Performance: A number of group properties show a relationship to performance. Among the more prominent are role perception, norms, status differences, the size of the group, and cohesiveness.
There is a positive relationship between role perception and an employee’s performance evaluation. The degree of congruence that exists between an employee and the boss in the perception of the employee’s job influences the degree to which that employee will be judged as an effective performer by the boss. To the extent that the employee’s role perception fulfills the boss’s role expectations, the employees will receive a higher performance evaluation.
Norms control group member behavior by establishing standards of right and wrong. The norms of a given group can help to explain the behaviors of its members for managers. When norms support high output, managers can expect individual performance to be markedly higher than when group norms aim to restrict output. Similarly, norms that support antisocial behavior increase the likelihood that individuals will engage in deviant workplace activities.
Status inequities create frustrations and can adversely influence productivity and the willingness to remain with an organization. Among individuals who are equity-sensitive, incongruence is likely to lead to reduced motivation and an increased search for ways to bring about fairness (that is, taking another job). In addition, because lower status differences among members are likely to inhibit input from the lower status members and to under perform their potential.
The impact of size on a group’s performance depends on the type of task in which the group is engaged. Larger groups are more effective to fact finding activities. Smaller groups are more effective at action taking tasks. Our knowledge of social loafing suggests that if management uses larger groups, efforts should be made to provide measures of individual performances within the group.
We found that cohesiveness can play an important function in influencing a group’s level of productivity. Whether or not it does depends on the group’s performance related norms.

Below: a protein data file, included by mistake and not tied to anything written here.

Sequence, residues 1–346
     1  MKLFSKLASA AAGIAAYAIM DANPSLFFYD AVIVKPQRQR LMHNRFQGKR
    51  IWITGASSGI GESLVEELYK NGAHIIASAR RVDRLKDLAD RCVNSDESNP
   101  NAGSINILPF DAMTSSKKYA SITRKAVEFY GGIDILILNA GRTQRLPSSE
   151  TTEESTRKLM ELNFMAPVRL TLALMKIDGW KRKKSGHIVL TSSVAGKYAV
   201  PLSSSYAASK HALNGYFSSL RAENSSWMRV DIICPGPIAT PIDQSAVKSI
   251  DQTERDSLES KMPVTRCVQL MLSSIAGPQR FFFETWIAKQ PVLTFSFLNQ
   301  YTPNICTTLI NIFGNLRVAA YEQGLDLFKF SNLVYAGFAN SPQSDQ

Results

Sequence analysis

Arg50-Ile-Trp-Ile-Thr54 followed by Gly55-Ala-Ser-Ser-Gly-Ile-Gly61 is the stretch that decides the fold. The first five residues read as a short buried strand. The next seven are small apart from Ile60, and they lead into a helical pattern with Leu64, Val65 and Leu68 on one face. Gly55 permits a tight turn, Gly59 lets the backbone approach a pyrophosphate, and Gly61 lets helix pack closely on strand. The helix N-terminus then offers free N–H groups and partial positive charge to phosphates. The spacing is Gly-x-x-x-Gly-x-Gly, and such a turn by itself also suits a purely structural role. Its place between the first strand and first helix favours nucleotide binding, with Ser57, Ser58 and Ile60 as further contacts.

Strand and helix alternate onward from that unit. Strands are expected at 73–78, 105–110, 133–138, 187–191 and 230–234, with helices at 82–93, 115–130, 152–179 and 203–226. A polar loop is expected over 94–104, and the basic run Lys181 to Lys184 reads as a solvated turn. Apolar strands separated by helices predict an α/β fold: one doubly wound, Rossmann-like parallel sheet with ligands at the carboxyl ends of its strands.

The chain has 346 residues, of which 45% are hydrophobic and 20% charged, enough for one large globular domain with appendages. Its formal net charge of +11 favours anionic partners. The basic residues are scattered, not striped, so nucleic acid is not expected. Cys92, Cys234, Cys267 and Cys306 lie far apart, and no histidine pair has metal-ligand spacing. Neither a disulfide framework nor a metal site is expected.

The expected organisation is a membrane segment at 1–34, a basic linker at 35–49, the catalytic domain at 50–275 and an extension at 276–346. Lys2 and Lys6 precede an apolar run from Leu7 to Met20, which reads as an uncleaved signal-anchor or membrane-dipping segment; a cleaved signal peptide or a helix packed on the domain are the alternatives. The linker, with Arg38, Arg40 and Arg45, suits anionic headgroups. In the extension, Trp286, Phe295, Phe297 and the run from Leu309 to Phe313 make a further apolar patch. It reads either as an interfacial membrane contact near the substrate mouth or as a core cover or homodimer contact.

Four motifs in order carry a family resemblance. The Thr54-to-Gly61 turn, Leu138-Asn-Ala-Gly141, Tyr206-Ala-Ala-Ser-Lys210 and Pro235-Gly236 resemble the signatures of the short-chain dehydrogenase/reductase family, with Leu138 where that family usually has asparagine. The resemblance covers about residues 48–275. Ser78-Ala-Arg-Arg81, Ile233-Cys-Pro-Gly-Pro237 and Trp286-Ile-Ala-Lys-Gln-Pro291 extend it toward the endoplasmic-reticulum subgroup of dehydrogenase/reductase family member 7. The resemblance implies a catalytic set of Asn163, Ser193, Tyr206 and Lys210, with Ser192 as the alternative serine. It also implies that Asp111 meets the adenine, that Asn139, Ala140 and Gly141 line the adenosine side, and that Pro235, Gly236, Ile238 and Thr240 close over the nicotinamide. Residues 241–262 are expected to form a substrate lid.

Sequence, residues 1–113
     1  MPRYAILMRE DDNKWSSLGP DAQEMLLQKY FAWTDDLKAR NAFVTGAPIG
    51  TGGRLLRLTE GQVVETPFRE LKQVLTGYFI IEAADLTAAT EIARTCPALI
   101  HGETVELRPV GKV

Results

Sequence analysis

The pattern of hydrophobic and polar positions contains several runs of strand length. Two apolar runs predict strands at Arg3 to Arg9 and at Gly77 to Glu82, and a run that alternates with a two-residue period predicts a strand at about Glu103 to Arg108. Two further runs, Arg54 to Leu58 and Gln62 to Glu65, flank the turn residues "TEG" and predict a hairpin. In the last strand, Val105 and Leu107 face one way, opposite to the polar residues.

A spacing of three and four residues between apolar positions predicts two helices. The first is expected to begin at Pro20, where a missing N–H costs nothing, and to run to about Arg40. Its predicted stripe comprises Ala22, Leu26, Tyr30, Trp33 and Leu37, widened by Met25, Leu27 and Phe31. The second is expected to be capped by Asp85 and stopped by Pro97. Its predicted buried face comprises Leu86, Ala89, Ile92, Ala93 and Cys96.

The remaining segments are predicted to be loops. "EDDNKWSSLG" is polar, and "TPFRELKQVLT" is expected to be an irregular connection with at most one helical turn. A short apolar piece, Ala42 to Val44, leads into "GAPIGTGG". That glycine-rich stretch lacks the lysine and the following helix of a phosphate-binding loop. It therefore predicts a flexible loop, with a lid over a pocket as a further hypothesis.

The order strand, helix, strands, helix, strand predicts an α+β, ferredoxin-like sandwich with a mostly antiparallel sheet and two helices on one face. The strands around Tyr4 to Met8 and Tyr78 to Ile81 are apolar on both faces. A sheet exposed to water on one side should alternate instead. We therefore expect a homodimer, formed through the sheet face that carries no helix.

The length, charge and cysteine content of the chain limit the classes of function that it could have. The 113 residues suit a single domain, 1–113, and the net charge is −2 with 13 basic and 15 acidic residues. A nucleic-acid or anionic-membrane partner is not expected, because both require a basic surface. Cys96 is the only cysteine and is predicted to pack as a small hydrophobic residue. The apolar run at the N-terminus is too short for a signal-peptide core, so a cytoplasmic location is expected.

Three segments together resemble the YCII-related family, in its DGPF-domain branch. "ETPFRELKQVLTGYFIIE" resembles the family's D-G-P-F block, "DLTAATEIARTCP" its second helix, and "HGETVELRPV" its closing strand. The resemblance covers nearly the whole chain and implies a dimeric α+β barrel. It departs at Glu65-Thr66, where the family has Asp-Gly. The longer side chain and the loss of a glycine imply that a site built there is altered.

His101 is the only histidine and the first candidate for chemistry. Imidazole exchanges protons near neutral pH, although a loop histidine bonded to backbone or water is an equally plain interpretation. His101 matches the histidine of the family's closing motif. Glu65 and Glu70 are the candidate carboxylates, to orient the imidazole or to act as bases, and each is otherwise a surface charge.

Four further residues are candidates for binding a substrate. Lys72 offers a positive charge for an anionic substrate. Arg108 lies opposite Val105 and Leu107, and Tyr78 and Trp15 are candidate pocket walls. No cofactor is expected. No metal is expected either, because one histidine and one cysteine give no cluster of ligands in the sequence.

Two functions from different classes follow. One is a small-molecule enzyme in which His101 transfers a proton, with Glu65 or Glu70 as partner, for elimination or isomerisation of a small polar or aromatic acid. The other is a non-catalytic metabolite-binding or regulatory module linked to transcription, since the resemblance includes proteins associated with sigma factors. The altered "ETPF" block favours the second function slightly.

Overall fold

Satisfaction: As with the role perception-performance relationship, high congruence between a boss and employee as to the perception of the employee’s job shows a significant association with high employee satisfaction. Similarly, role conflict is associated with job induced tension and job dissatisfaction.
Most people prefer to communicate with others at their own status level or a higher one rather than with those below tem. As a result we should expect satisfaction to be greater among employees whose job minimizes interaction with individuals who are lower in status than themselves.
The group size satisfaction relationship is what one would intuitively expect; larger groups are associated with lower satisfaction. As size increases, opportunities for participation and social interaction decrease, as does the ability of members to identify with the group’s accomplishments. At the same time having more members also prompts dissension, conflict, and the formation of subgroups, which all act to make the group a less pleasant entity of which to be a part.
Groups generally pass through standardized sequence in their evolution. We call this sequence five-stage model of group development. Recent studies, however, indicate that temporary groups with task-specific deadlines follow a very different pattern. In this article, we describe the five-stage general model and an alternative model for temporary groups with deadlines.
The five-stage group development model characterizes groups as proceeding through five distinct stages:
Forming, Storming, Norming, Performing and Adjouring.
The first stage, forming is characterized by a great deal of uncertainly about the group’s purpose, structure, and leadership. Members are “testing the waters” to determine what type of behavior acceptable. This stage is complete when members have begun to think of themselves as part of a group.
The storming stage is one of intra-group conflict. Members accept the existence of the group, but there is resistance to the constraints that the group imposes on individuality. Further more, there is conflict over who will control the group. When this stage is complete there will be a relative clear hierarchy of leadership within the group.
The third stage is one in which close relationship develop and the group demonstrate cohesiveness. There is now a strong sense of group identification and camaraderie. This norming stage is complete when the group structure solidifies and the group had assimilated a common set of expectations of what defines correct member behavior.
The fourth stage is performing. The structure at this point is fully functional and accepted Groups energy has moved from getting to know and understand each other to performing the task at hand. For permanent work, performing is the last stage in their development.